Mor Ignatius Aphrem II, the newly elected patriarch of the Syriac Orthodox Church, accepting blessings Saturday at St. Mark’s Cathedral in Teaneck. Since 1996, he had been serving in Teaneck as archbishop of the church’s Eastern United States Diocese. Photograph: Marko Georgiev / Staff Photographer
Teaneck archbishop is named patriarch of Syriac Orthodox Church by Chris Harris. North Jersey, The Record, April 5, 2014.
TEANECK — Hundreds of enthusiastic well-wishers gathered outside St. Mark’s Cathedral on Saturday afternoon to congratulate and welcome back Cyril Aphrem Karim, the new worldwide patriarch of the Syriac Orthodox Church.
Karim, 48, who had been serving as archbishop of the church’s Eastern United States Diocese since moving to Teaneck in 1996, was elected March 31 to head one of the world’s oldest Christian sects.
Karim — whose official title will be Mor Ignatius Aphrem II, Patriarch of Antioch and All the East — returned Saturday from Damascus, where he was installed this week as the 123rd successor to St. Peter the Apostle.
He will reside in Syria.
During a service following his arrival, Karim asked those in attendance to pray for him and for peace in the church’s war-torn country of origin.
“There are formidable challenges we face as a church,” Karim said. “There is unprecedented turmoil in Syria. Pray for our beloved Syria to have peace again. Pray for peace in our homeland.”
His arrival had been eagerly anticipated by the crowd outside the Teaneck sanctuary.
“Here he comes!” a woman shouted as the Rolls-Royce Phantom carrying Karim and being escorted by Passaic and Bergen County Sheriff’s Department patrol cars made its way toward St. Mark’s.
A crush of the faithful from near — Paramus, Hackensack, Long Island — and far — Canada, Boston, Florida — swarmed around the arriving vehicle, showering it and the police cars with rice.
Most of the well-wishers were wearing pins adorned with Karim’s visage.
“I’m excited for him; he’s now patriarch,” said New Milford’s Paul Kas, a 20-year deacon at St. Mark’s. “But I am sad to see him go; I have known him for so long and he’s just a great, holy guy.”
Upon arriving outside his church, Karim — flanked by security — was draped in ornate robes while a garland of red flowers was placed around his neck.
The new patriarch, wearing three medals, slowly made his way to the sanctuary, smiling broadly and greeting his people, who kissed a large, golden key he was carrying.
At the steps of the church, he was met by various clergyman, strode along a red carpet to the doors, and disappeared inside.
Karim — who will appoint his own successor in Teaneck in the coming months — was saluted by a number of the church’s dignitaries.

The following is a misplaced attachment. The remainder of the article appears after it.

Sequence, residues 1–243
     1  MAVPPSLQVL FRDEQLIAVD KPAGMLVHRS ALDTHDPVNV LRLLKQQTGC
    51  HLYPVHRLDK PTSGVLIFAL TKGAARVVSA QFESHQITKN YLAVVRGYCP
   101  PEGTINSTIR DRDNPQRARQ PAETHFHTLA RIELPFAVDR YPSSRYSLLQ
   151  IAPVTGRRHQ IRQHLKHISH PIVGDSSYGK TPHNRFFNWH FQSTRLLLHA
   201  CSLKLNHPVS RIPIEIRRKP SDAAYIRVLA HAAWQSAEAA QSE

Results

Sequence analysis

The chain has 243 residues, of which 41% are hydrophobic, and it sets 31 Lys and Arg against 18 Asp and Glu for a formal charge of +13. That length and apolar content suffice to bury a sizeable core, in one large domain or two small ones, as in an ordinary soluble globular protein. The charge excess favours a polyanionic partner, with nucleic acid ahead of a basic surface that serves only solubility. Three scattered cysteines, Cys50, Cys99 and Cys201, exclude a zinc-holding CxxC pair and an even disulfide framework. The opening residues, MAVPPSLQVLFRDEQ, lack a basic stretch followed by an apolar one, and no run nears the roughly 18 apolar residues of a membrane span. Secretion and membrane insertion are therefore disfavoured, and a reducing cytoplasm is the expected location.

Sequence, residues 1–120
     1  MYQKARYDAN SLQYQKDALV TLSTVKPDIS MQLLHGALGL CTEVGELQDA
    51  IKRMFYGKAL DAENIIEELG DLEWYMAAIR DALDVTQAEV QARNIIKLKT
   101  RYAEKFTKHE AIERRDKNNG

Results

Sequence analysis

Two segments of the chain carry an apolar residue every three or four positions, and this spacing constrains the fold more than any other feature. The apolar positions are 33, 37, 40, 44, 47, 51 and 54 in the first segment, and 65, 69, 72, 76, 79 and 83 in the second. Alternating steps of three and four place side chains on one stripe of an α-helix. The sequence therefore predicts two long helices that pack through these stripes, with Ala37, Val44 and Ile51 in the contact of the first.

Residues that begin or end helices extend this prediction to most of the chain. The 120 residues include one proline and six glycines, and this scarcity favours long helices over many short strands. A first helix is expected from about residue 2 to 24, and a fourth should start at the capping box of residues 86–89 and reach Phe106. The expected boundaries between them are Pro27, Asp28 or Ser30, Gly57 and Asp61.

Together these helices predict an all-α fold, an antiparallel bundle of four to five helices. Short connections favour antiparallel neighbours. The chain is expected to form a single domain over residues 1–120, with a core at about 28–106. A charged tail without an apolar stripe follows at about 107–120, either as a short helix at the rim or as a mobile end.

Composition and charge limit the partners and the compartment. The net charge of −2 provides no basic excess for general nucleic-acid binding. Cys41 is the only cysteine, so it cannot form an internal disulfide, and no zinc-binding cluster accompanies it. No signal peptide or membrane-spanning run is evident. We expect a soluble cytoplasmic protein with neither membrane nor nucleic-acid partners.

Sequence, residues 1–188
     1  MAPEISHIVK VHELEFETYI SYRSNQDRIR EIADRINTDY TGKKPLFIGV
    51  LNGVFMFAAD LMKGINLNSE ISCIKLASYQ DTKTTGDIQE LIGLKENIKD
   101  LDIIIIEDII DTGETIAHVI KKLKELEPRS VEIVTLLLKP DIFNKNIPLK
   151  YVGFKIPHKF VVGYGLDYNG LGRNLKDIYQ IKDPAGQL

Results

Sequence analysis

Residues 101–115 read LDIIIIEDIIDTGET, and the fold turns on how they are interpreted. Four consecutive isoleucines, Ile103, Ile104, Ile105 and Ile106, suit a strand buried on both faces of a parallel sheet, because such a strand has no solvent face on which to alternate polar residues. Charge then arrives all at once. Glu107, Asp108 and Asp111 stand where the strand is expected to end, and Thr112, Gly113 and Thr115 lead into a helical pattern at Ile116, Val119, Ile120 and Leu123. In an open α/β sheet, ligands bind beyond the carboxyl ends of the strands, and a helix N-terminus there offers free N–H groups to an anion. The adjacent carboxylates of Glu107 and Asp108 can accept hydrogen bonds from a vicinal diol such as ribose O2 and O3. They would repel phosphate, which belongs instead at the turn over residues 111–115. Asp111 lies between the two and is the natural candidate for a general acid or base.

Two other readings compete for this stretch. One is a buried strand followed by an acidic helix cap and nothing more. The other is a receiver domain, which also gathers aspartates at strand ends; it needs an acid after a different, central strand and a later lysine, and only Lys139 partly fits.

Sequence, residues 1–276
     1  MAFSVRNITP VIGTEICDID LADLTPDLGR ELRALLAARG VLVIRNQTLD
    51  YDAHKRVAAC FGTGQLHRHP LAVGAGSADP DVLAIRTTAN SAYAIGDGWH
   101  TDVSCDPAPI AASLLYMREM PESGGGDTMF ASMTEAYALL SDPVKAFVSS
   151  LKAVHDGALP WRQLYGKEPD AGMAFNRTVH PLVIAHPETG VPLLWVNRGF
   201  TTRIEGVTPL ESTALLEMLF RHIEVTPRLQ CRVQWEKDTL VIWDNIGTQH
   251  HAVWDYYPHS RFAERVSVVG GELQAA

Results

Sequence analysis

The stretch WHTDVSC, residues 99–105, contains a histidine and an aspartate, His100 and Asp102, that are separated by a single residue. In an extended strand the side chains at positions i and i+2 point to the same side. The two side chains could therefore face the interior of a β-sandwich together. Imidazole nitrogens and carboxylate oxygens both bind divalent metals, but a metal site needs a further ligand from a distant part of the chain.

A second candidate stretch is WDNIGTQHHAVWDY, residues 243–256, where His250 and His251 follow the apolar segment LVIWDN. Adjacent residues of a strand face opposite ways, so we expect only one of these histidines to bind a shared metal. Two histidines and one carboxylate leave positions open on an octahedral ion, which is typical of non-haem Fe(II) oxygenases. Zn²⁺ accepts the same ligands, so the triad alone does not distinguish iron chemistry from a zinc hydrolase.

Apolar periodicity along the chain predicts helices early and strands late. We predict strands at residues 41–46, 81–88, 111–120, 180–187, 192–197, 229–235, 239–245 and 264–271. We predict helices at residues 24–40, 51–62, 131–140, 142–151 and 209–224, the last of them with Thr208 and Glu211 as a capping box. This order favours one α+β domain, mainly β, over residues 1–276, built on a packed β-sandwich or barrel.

Karim, who was born in Syria in 1965, succeeds Patriarch Ignatius Zakka Iwas, who died March 21 in a hospital in Germany at 80.
His elevation comes at a turbulent time for Syrian Christians.
There have been recent assaults on mostly Christian towns by rebels fighting against President Bashar Assad’s rule — which the rebels see Christians as supporting.
Karim said he will work closely with the heads of other churches “to promote Christian unity” and told his people he felt “lucky to have been your bishop and your servant.”
He said that while he immediately started identifying his weaknesses after learning of his election, he knows “this divine calling does not come without divine help.”
He closed his remarks by asking for the faithful to “pray for me as I do pray for you.”
The Syriac Orthodox Church has more than 4 million members. Though many live in Syria, Lebanon and Iraq, there are also significant communities living in Germany, Sweden and here in the United States.
\ã-'sir-é-ä\ n (1998)
1: an ancient empire of Ashur
2: a democratic state in Bet-Nahren, Assyria (northern
Iraq, northwestern Iran, southeastern Turkey and eastern Syria.)
a democratic state that fosters the social and political rights to all of
its inhabitants irrespective of their religion, race, or gender
4: a democratic state that believes in the freedom of
religion, conscience, language, education and culture in faithfulness to the
principles of the United Nations Charter —
Ethnicity, Religion, Language
Israeli, Jewish, Hebrew
Assyrian, Christian, Aramaic
Saudi Arabian, Muslim, Arabic
\ã-'sir-é-an\ adj or n (1998)
1: descendants of the ancient empire of Ashur
2: the Assyrians, although representing but one single
nation as the direct heirs of the ancient Assyrian Empire, are now
doctrinally divided, inter sese, into five principle
ecclesiastically designated religious sects with their corresponding
hierarchies and distinct church governments, namely, Church of the
East, Chaldean, Maronite, Syriac Orthodox and Syriac Catholic.
These formal divisions had their origin in the 5th century of the
Christian Era. No one can coherently understand the Assyrians
as a whole until he can distinguish that which is religion or church
from that which is nation -- a matter which is particularly
difficult for the people from the western world to understand; for
in the East, by force of circumstances beyond their control,
religion has been made, from time immemorial, virtually into a
criterion of nationality.
the Assyrians have been referred to as Aramaean, Aramaye, Ashuraya,
Ashureen, Ashuri, Ashuroyo, Assyrio-Chaldean, Aturaya, Chaldean,
Chaldo, ChaldoAssyrian, ChaldoAssyrio, Jacobite, Kaldany, Kaldu,
Kasdu, Malabar, Maronite, Maronaya, Nestorian, Nestornaye, Oromoye,
Suraya, Syriac, Syrian, Syriani, Suryoye, Suryoyo and Telkeffee. —
1: a Semitic language which became the lingua franca of
the Middle East during the ancient Assyrian empire.
2: has been referred to as Neo-Aramaic, Neo-Syriac, Classical
Syriac, Syriac, Suryoyo, Swadaya and Turoyo.